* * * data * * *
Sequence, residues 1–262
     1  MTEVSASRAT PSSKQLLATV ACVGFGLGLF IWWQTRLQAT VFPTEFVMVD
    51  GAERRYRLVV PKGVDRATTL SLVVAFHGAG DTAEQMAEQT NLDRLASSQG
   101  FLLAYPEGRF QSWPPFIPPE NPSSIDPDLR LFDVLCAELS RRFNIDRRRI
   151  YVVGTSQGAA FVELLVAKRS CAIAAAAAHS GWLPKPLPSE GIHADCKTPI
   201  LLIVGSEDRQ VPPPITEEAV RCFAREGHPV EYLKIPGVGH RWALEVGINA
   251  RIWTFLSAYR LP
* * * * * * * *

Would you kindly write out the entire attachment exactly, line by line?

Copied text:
Sequence, residues 1–262
     1  MTEVSASRAT PSSKQLLATV ACVGFGLGLF IWWQTRLQAT VFPTEFVMVD
    51  GAERRYRLVV PKGVDRATTL SLVVAFHGAG DTAEQMAEQT NLDRLASSQG
   101  FLLAYPEGRF QSWPPFIPPE NPSSIDPDLR LFDVLCAELS RRFNIDRRRI
   151  YVVGTSQGAA FVELLVAKRS CAIAAAAAHS GWLPKPLPSE GIHADCKTPI
   201  LLIVGSEDRQ VPPPITEEAV RCFAREGHPV EYLKIPGVGH RWALEVGINA
   251  RIWTFLSAYR LP